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Michael Phelps Caps Individual Career With Butterfly Gold

August 03, 2012

Michael Phelps Caps Individual Career With Butterfly Gold

Michael Phelps celebrates winning the Men's 100m Butterfly Final on Day 7 of the London 2012 Olympic Games. Photographer: Adam Pretty/Getty Images

Michael Phelps won his 17th Olympic gold medal and last in an individual swimming event, taking the 100-meter butterfly for the third straight games.

Phelps, a 27-year-old American, added to his Olympic record for most gold medals and most total medals, now at 21.

Missy Franklin, 17, a Colorado high school senior who describes Phelps as her mentor, completed a backstroke sweep, winning the 200 meters in world-record time, adding it to the 100-meter title she earned five days ago. A third American, Katie Ledecky, 15, the youngest member of the U.S. Olympic team, captured the 800-meter freestyle crown.

Phelps won the 200-meter individual medley yesterday at London’s Aquatics Centre to become the first male swimmer to win the same race at three straight Olympics. He repeated that feat today in the butterfly by finishing in 51.21 seconds, ahead of Chad le Clos of South Africa and Evgeny Korotyshkin of Russia.

Phelps was seventh after 50 meters before charging to victory. His mother, Debbie, could barely watch from the stands, clenching her fingers as Phelps made his final push.

“I don’t even want to complain about going slower or having a bad turn, I’m just happy that the last one was a win,” said Phelps. “That’s all I really wanted.”

Phelps has said this Olympics, his fourth, will be his last. He’s retiring after London, having made his Olympic debut as a 15-year-old at the 2000 Games in Sydney. One more race, tomorrow’s 400-meter medley relay, should complete his career.

Gold Medals

Phelps won six gold medals at the 2004 Athens Olympics and followed that with a record eight in Beijing four years ago. Phelps has now earned three gold medals and two silvers in London.

Franklin, who has shunned offers of sponsorship to retain her college eligibility, led her race from start to finish, getting the meet’s sixth world record in 2 minutes, 4.06 seconds, breaking the mark of 2:04.81 set by Kirsty Coventry of Zimbabwe in 2009. Anastasia Zueva of Russia was second, 1.86 seconds behind, and Elizabeth Beisel of the U.S. was third.

“I think it is awesome that so many swimmers have been able to break world records when a lot of people didn’t think we’d be able to,” Franklin told reporters.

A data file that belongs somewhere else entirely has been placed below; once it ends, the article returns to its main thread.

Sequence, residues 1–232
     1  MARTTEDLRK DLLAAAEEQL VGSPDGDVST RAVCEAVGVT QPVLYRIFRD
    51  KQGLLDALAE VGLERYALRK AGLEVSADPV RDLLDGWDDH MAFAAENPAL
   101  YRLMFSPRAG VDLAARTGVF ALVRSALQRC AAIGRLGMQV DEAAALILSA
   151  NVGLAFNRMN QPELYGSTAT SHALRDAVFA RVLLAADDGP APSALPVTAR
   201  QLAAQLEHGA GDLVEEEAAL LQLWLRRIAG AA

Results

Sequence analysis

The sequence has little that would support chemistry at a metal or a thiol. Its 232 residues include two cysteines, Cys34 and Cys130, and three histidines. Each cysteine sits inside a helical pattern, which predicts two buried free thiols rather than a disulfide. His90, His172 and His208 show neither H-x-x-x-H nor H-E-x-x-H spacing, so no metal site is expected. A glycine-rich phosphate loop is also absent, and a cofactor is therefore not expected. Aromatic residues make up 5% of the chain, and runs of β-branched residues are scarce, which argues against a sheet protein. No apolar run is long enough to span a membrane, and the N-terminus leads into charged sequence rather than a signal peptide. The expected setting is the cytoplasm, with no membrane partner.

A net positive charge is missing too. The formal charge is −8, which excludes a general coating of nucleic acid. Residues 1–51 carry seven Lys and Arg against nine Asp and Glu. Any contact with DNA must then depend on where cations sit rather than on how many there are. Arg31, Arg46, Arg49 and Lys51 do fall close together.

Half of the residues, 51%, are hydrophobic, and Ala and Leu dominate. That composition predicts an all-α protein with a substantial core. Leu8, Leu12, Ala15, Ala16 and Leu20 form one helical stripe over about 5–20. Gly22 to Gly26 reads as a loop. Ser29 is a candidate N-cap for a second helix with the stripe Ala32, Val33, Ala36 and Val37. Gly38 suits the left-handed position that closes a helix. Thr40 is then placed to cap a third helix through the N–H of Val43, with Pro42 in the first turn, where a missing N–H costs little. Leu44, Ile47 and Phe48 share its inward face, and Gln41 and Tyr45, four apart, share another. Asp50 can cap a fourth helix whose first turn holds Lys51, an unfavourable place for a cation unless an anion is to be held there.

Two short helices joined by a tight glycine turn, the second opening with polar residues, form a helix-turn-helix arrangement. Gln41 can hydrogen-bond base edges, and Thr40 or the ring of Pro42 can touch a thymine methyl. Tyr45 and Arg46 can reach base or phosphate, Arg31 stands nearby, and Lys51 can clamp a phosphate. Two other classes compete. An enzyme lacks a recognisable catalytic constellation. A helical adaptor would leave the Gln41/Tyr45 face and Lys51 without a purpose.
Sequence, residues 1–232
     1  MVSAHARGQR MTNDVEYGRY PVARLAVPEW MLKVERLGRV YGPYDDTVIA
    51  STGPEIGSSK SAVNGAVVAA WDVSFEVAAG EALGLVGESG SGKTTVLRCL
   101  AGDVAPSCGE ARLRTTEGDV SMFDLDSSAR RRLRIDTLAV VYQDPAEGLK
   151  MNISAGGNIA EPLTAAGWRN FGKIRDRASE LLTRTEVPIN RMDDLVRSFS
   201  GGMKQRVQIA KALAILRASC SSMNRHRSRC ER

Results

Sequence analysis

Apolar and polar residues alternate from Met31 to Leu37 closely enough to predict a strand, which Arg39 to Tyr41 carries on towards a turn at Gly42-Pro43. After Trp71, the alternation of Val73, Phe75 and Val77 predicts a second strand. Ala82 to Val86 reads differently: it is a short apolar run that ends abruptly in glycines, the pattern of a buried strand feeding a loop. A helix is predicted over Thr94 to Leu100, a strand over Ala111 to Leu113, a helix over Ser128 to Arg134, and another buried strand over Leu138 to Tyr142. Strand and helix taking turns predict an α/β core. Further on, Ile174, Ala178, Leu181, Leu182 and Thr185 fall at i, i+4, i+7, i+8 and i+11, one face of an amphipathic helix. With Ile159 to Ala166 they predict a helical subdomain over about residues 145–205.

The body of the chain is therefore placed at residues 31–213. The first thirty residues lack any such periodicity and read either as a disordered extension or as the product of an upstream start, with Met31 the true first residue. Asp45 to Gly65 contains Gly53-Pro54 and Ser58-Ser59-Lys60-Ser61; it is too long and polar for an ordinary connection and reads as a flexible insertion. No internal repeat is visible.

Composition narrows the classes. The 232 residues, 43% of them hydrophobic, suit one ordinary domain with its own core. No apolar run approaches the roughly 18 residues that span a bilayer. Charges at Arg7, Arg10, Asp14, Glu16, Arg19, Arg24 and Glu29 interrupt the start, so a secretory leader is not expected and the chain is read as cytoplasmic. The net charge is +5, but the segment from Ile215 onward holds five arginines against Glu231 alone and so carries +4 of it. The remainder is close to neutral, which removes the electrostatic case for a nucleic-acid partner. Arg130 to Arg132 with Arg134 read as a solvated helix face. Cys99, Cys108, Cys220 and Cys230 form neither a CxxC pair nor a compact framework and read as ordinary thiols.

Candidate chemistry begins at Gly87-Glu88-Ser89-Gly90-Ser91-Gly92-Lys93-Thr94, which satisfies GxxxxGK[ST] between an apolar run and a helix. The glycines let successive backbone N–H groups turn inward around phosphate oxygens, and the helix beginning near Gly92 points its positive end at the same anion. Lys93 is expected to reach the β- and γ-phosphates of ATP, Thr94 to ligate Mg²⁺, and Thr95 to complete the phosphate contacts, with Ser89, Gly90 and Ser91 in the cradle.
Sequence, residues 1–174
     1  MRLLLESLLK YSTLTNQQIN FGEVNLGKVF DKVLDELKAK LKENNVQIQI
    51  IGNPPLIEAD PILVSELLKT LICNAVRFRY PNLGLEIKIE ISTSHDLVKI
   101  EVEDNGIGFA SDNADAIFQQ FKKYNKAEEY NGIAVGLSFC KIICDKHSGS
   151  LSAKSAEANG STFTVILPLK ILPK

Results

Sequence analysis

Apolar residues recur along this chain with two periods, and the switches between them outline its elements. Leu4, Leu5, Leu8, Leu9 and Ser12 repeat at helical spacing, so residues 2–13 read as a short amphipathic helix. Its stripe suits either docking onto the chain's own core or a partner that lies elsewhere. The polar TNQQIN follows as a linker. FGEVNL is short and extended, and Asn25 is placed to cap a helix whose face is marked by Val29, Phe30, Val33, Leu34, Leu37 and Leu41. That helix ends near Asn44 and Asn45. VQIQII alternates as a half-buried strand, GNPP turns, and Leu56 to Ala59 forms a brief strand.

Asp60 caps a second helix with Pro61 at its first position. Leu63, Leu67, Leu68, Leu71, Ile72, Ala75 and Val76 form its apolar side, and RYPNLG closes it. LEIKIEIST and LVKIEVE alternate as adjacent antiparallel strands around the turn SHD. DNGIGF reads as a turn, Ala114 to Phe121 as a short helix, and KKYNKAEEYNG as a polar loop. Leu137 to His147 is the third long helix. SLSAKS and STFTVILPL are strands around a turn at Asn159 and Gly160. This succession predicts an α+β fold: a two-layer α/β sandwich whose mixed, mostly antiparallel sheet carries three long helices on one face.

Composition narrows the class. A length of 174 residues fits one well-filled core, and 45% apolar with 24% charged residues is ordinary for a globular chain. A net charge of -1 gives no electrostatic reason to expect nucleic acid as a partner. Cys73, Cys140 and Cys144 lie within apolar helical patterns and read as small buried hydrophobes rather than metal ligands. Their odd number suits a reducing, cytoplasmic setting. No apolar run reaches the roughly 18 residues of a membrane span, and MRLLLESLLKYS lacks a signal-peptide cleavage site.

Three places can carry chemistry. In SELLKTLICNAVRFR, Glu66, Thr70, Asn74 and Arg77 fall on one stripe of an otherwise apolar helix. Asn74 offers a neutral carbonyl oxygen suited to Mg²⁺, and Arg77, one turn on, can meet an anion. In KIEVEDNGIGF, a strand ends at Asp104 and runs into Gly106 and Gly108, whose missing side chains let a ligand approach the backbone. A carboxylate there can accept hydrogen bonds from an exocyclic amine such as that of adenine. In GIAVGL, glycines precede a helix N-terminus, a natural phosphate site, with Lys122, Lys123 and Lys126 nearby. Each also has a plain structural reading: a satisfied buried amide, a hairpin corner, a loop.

Franklin had won the 100-meter backstroke on July 30 in a U.S. record and added another gold with the U.S. 800-meter freestyle relay team. Franklin, who’s entered in seven events, the most attempted by a U.S. female swimmer, also took bronze in the 400-meter freestyle relay.

High School

The U.S. added its 14th gold of the swim meet and third of the night as Ledecky, a high school student from Bethesda, Maryland, controlled the 800 freestyle for the final 300 meters.

Ledecky clocked 8:14:53, 4.13 seconds ahead of Spain’s Mireia Belmonte Garcia, 21, in second place. Britain’s Rebecca Adlington, the defending champion who was cheered by the majority of the 17,000 crowd, took bronze.

“I just didn’t know until the 700-meter mark that I’d done it,” Ledecky told reporters.

Tonight’s gold medals extended the U.S.’s lead in the swimming competition above China and France. Half of the U.S.’s 28 swimming medals are gold, while China has nine total medals, including four golds. France also has four golds out of the seven it has won in the swimming pool.

Brazil’s Cesar Cielo, who hadn’t been beaten over 50 meters at a major international meet in four years, failed to defend the title he won in Beijing. Florent Manaudou, 21, a first-time Olympian from France, sprinted to victory in 21.34 seconds, 0.2 seconds ahead of Cullen Jones of the U.S. Cielo, 25, got the bronze.

Tosses Flowers

Phelps smiled and laughed with le Clos and Korotyshkin following his final solo appearance on the podium before throwing his flowers to a young family member.

The American’s meet in London started slowly. He failed to get a medal for the first time in an Olympic event since Sydney when he finished fourth behind teammate and friend Ryan Lochte, 28, in the 400-meter individual medley.

He then lost the 200-meter butterfly to le Clos after missing the wall and finishing second. His first gold arrived as he anchored the U.S.’s 800-meter freestyle team.

Phelps took another silver medal when France came from behind to beat the U.S. in the 400-meter freestyle relay. Yesterday he led from start to finish to win his first individual gold of these games, beating Lochte.

No Repeat

The 100-meter butterfly was one of the most dramatic in the pool in Beijing. Phelps’s bid for eight golds looked about to fail as Milorad Cavic of Serbia stretched for the wall before the American. With a final half-stroke, Phelps got there first, winning a race that required swimming’s governing body to review the finish down to thousandths of a second.

“This one was a bigger margin of victory than the last two combined, so we can smile and be happy,” said Phelps. “It was fun.”

Cavic finished fourth today in 51.81 after leading at the halfway mark.

To contact the reporters on this story: Danielle Rossingh at the Aquatics Centre at drossingh@bloomberg.net; Tariq Panja at the Aquatics Centre at tpanja@bloomberg.net

To contact the editor responsible for this story: Christopher Elser at celser@bloomberg.net


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